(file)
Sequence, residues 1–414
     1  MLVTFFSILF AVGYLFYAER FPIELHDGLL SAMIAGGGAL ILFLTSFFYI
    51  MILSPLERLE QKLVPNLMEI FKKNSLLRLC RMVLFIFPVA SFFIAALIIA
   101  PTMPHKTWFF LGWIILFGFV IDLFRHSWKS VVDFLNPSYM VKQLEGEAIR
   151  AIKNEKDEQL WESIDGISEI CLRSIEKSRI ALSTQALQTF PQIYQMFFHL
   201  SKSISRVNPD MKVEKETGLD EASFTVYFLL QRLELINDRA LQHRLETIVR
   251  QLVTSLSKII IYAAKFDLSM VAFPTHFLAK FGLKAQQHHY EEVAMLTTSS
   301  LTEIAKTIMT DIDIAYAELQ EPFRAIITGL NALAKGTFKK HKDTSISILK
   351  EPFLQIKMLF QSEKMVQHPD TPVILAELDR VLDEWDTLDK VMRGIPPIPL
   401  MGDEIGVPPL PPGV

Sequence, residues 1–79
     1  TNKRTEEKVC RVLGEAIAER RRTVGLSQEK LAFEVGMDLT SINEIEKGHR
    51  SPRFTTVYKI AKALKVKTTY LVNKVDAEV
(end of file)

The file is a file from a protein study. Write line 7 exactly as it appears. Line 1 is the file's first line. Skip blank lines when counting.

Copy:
   251  QLVTSLSKII IYAAKFDLSM VAFPTHFLAK FGLKAQQHHY EEVAMLTTSS